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Nuisance Wildlife Control and Removal

LDWF does not remove nuisance wildlife. Instead, LDWF permits individuals Nuisance Wildlife Control Operators to provide this services for a fee. Nuisance Wildlife Control Operators are permitted to handle most species except deer, bears, migratory birds, and alligators. 

There are more than 100 permitted Nuisance Wildlife Control Operators located across the state. Contact the Nuisance Wildlife Control Operator closest to you for assistance with nuisance wildlife. Nuisance Wildlife Control Operators are not employees of LDWF or the State of Louisiana .

In addition, LDWF licenses Nuisance Alligator Hunters across the state to capture nuisance alligators and minimize conflicts between alligators and humans. If you’re experiencing problems with a nuisance alligator, contact the LDWF offices listed on the Nuisance Alligators page

 

What You Can Do to Prevent or Resolve Nuisance Wildlife Issues

Calling a professional is not always necessary. You can prevent or resolve some issues with nuisance wildlife on your own.

Make sure there is no food for wildlife available around your home.

  • Never feed wild animals.
  • Don’t leave pet food out at night.
  • Secure trash can lids and compost heaps.
  • Don’t leave domestic animals that may be potential prey loose or in shoddy or weak shelters.

Eliminate areas that can possibly be used by wildlife as shelter.

  • Seal any holes that may give wildlife access to your attic or the interior of your home. Some species of bats can fit through holes the size of a dime. Keeping your home well-maintained is imperative for keeping nuisance animals out.
  • Install skirting under mobile homes to prevent animals from going underneath. Use chicken wire or lattice used under raised houses.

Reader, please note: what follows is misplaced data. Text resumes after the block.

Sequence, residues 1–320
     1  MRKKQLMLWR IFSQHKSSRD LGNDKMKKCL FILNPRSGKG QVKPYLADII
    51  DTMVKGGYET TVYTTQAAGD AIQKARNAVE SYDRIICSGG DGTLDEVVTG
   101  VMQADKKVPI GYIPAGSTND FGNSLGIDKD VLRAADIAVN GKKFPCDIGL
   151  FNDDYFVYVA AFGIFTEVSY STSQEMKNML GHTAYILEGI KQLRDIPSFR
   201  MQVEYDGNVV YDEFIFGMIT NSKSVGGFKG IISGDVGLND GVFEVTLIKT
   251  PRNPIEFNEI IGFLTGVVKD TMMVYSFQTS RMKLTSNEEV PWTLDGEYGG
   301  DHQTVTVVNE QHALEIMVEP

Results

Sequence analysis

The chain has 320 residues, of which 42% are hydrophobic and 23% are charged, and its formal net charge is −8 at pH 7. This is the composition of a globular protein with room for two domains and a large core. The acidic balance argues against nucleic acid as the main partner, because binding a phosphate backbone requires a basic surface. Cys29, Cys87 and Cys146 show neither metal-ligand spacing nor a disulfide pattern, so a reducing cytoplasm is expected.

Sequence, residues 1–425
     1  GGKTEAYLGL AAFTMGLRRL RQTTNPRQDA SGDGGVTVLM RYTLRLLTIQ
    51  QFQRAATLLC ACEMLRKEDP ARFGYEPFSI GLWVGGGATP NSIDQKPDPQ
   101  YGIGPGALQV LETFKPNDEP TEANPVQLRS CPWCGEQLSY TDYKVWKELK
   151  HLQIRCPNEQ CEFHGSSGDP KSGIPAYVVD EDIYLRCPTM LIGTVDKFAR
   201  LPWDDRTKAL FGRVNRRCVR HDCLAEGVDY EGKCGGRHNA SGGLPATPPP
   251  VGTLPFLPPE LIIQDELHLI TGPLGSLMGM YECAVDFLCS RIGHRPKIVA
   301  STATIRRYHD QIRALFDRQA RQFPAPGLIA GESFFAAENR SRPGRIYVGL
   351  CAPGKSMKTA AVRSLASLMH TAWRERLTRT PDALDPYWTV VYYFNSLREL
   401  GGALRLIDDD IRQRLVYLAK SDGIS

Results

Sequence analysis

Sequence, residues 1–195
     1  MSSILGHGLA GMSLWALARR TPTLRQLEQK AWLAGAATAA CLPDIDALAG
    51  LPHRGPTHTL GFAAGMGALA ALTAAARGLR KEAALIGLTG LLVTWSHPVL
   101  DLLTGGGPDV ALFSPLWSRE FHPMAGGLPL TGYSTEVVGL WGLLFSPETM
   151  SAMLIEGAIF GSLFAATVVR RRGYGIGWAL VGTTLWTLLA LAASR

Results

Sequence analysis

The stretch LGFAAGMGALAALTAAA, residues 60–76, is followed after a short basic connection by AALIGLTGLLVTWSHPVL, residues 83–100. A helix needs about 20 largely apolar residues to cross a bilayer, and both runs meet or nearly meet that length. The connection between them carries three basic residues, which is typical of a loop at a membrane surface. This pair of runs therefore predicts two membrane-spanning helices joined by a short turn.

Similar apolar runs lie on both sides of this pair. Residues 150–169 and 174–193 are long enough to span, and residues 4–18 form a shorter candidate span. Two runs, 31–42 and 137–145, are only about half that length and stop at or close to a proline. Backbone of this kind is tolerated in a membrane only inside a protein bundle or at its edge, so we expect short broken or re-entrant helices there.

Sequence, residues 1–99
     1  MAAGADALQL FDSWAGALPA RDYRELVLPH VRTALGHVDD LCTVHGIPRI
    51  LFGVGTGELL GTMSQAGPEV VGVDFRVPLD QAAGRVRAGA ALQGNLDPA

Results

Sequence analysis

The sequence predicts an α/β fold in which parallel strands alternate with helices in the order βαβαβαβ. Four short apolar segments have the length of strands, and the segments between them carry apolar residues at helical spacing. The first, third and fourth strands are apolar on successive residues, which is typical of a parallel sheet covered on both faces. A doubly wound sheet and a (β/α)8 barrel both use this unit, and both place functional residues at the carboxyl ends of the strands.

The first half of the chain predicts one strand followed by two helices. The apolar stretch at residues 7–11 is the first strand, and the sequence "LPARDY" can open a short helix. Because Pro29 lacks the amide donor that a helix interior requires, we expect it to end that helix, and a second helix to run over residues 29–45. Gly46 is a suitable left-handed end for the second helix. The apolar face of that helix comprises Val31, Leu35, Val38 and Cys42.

• Keep grass mowed to eliminate cover for wildlife.
  • Eliminate piles of wood or debris that can be used as shelter.

Live trap the animal and release it.

  • Louisiana Administrative Code Title 76 outlines the rules for live trapping and releasing wildlife without a permit.
  • It can be dangerous to handle trapped animals. It is often easier to get an animal into a trap than to get one out. Wear heavy leather gloves and use extreme caution when releasing animals. Always stand behind the trap and point the open end toward a clear area when releasing the animal.
  • Should you get bitten, don’t release the animal if it hasn’t already been released. Contact the state public health veterinarian for instructions on having the animal tested for rabies and contact your doctor. If you have already released the animal and can’t immediately recapture it, still contact the state public health veterinarian and your doctor. Animals that appear healthy may be sick. Certain mammals including bats and skunks may be infected with rabies and can transmit it to humans. Rabies is fatal to humans if not treated before symptoms develop.
  • Release trapped animals at least five miles from where they were trapped to prevent their return.
  • Avoid trapping in the spring and early summer, which are breeding seasons for most wildlife. Removing adult animals may result in orphaning young animals. If orphaned young are in an attic or under a house, they could die, which could cause additional issues as they decay.
  • LDWF does not loan or rent traps. Traps are available from some parish animal control offices. You can also purchase traps at hardware stores and lawn and garden centers.

Take of some nuisance animals is permitted.

See the Outlaw Quadrupeds and Nuisance Nutrias and Beavers pages for additional information.